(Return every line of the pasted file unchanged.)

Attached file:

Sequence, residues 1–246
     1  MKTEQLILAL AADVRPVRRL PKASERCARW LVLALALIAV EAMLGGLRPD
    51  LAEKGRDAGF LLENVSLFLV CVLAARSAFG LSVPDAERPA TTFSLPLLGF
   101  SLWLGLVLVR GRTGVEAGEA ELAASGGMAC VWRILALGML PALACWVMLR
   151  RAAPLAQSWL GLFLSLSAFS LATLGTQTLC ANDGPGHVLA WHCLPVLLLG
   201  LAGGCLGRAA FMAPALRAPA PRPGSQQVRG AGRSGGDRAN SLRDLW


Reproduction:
Sequence, residues 1–246
     1  MKTEQLILAL AADVRPVRRL PKASERCARW LVLALALIAV EAMLGGLRPD
    51  LAEKGRDAGF LLENVSLFLV CVLAARSAFG LSVPDAERPA TTFSLPLLGF
   101  SLWLGLVLVR GRTGVEAGEA ELAASGGMAC VWRILALGML PALACWVMLR
   151  RAAPLAQSWL GLFLSLSAFS LATLGTQTLC ANDGPGHVLA WHCLPVLLLG
   201  LAGGCLGRAA FMAPALRAPA PRPGSQQVRG AGRSGGDRAN SLRDLW